City of Santa Ana Term Limits, Measures D and E (February 2008)

From Ballotpedia
Jump to: navigation, search
Two City of Santa Ana Term Limit Amendments, Measures D and E ballot questions were on the February 5, 2008 ballot for voters in the City of Santa Ana in Orange County, California.

Measures D and E were approved.

Both measures had to do with term limits. Measure D extended the length of time that members of the Santa Ana City Council could stay in office from 8 years to 12 years. This measure was bankrolled by over $70,000 in contributions from:

  • Robert Bisno, who at the time of the election was seeking the city’s approval to build a 31-story residential tower near MainPlace Mall. He gave $20,000 to the campaign to pass Measure D.
  • Caribou Industries gave $6,000. Caribou was seeking permission to build a 37-story office tower called One Broadway Plaza.
  • Ware Disposal and Madison Materials, who gave $20,000. At the time of the campaign on Measure D, Santa Ana city attorneys had been looking into possible code violations by the waste company.
  • Political groups associated with Santa Ana's firefighters and police and the city workers' union gave $15,500.[1]

Measure E extended the length of time that people could serve on city boards and commissions.

Election results

These final election results are from the Orange County elections office.

Measure D

Measure D
Approveda Yes 18,969 53.9%

Measure E

Measure E
Approveda Yes 18,743 54.1%

Ballot text

Measure D

The question on the ballot:

Measure D: "An amendment to the City charter regarding City Council term limits; adds a provision calling for the adoption of a Code of Ethics and Conduct to govern members of the City Council, the City's boards, commissions and committees."[2]

Measure E

The question on the ballot:

Measure E: "This measure would make all terms of members of boards and commissions in the City four years, and change the terms limits from two to three to coincide with the term limits of city council members proposed by Measure D. If approved by voters, this measure will only become effective if Measure D is also approved by the voters."[2]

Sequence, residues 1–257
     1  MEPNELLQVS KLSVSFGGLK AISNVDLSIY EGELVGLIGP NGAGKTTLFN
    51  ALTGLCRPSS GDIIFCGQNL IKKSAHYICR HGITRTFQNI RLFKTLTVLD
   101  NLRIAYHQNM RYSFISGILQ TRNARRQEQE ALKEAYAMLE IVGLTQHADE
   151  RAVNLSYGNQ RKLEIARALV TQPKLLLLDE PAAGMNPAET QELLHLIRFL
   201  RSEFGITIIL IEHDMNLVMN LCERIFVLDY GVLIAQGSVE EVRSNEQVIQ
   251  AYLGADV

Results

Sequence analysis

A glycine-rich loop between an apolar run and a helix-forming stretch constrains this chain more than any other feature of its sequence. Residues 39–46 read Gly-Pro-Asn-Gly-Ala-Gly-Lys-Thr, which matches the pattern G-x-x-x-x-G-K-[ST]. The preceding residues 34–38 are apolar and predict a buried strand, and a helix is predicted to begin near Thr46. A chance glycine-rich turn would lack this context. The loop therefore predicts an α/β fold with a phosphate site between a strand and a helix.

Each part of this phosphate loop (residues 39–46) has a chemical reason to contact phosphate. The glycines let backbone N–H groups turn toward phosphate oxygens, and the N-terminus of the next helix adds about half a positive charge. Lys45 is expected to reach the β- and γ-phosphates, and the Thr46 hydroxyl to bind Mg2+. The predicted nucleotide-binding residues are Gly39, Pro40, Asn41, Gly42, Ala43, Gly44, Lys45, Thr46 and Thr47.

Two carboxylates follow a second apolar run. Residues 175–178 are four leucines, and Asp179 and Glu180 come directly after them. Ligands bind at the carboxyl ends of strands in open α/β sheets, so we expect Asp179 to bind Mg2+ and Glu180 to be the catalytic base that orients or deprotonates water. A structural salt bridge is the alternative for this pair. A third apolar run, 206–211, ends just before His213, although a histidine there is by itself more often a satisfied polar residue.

Robocall disputed

In the last days of the campaign, a robocall to Santa Ana voters implied that the Santa Ana teachers union supported Measure D. The head of the union quickly said this wasn't true.

In addition, the robocall did not identify the source of the call, which was a violation of California's laws regarding robocalls.[3]

Claudia Alvarez lawsuit

In 2012, a supporter of long-time city council member Claudia Alvarez filed a lawsuit against the City of Santa Ana. The lawsuit contends that the Measure D term limits cannot be applied retroactively to Alvarez and that therefore, Alvarez is eligible to run for two more four-year terms.[4]

At a city council meeting in July 2012, Alvarez herself said that she believes that other council members and the city clerk are in a conspiracy against her that seeks to prevent her from running for a fourth term. She said, "The very office in the city of Santa Ana that is supposed to be the most objective and supposed to be Switzerland and is the one you rely on to hold fair elections has fallen subject to the influences of council member Bustamante and council member Benavides."[4]

The City of Santa Ana, relying on a legal opinion from an outside attorney, believes that Measure D is retroactive. The city paid $8,500 for the legal opinion.[4]

See also

External links